Google Alerts is another popular tool that we also use here at Impression. to monitor brand terms. You can use this tool to see if there have been any recently published articles that are related to your brand, as well to monitor key terms related to your brand, or brand terms themselves.
This is one of the more reactive tools you can use, as it’s very useful to contextualise the performance of your campaigns and you can make decisions off the back of it. It also helps as a tool for brand safety, as it monitors what people are saying about your brand, and when running campaigns, you should always be considering how a campaign may impact a consumer’s opinion of your brand.
At a minimum, this is a tool you should be using to monitor your brand name and competitors. If you have some negative reviews for your brand, you should be thinking about what you could be doing off the back of that, or if your competitor has negative reviews, could your brand offer a better solution?
For retailers, alongside your brand terms, you must also be monitoring your key products at all time, and if there are any negative reviews about them, you should be considering how you react to this. On the other hand, if there are positive reviews, how can you capitalise on this and keep the momentum going?
A good industry example of how to use Google Alerts might be for those in the beauty & cosmetics sector. Consumers can rapidly change their opinion on ingredients used in skincare or makeup products depending on any negative reviews. If you’re in this sector, you can use this insight to be very reactive, either by pulling back on certain products or by promoting alternative products. This relates back to my earlier point about monitoring keywords to protect your brand. Depending on where you are in the world, you can use Google Alerts to be on top of news across time zones. This tool also allows you to be super reactive across marketing channels, such as digital PR, and dynamic to adjusting your spend as well.
Think with Google is Google’s own consumer insights and behaviour platform and all of the research has been conducted by Google itself. It can be used to help contextualise performance and it allows you to make decisions and seek new opportunities.
At the moment, there is a large amount of content on the site covering how you can mitigate the impact of inflation and how you can offer more value to your consumers. Occasionally, you can find highly relevant insights specifically related to your business and sector, however, this might require some digging around the platform to uncover the ones that are most relevant for you. Lastly, you have to remember that all of this data is from Google and compiled by Google, so take some details with a pinch of salt as it may or may not have some bias to it.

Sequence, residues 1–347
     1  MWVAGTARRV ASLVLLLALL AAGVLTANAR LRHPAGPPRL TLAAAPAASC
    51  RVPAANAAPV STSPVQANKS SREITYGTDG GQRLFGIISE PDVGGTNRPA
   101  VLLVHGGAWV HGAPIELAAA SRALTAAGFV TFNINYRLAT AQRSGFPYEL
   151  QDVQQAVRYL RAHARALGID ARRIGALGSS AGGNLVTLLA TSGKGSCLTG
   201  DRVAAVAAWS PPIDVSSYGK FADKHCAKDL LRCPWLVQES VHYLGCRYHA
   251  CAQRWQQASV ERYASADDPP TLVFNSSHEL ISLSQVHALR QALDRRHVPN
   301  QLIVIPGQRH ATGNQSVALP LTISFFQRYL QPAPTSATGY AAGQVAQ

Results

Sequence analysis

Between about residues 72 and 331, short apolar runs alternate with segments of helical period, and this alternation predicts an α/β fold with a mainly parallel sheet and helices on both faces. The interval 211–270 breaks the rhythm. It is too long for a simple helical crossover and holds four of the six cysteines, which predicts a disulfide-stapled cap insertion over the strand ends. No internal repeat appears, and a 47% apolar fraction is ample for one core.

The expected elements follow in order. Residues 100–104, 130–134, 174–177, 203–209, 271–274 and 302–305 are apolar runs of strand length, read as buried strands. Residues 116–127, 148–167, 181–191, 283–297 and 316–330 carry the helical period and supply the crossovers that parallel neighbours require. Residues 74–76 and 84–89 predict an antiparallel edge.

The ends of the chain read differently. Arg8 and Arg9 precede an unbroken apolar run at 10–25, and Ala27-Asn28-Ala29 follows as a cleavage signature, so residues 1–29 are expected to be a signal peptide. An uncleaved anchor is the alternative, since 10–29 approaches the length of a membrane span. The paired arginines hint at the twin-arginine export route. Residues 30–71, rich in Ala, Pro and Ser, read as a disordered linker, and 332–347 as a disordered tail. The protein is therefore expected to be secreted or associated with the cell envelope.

Additional tools you can use
In this section, we’ll be looking at some tools we can use to gain wider statistical insight. Some of the platforms have free and paid versions, but every site featured here has a free version. The insights found here can be quite powerful because they’re from sources outside of Google. These are reputable third-party data sources which can be used when communicating with or seeking buy-in from internal stakeholders, and they are:
These tools provide both industry specific insights and consumer behaviour data. The Office for National Statistics usually provides macro-level insight, but you can still find things that might be quite relevant to your business.
One thing to be mindful of is falling into the trap of using third-party data sources as your last port of call when trying to contextualise performance. If it’s not there and it doesn’t fall into the right performance insight you were looking for, don’t spend hours trying to find it.
Hopefully, this blog showcases why you shouldn’t just be searching for insights to fulfil your own narrative. Instead, you should be gaining insights on a regular basis to help inform your strategy. If you take away three things from this, we encourage you to use these insights to: contextualise your performance, help you make decisions and look for new opportunities.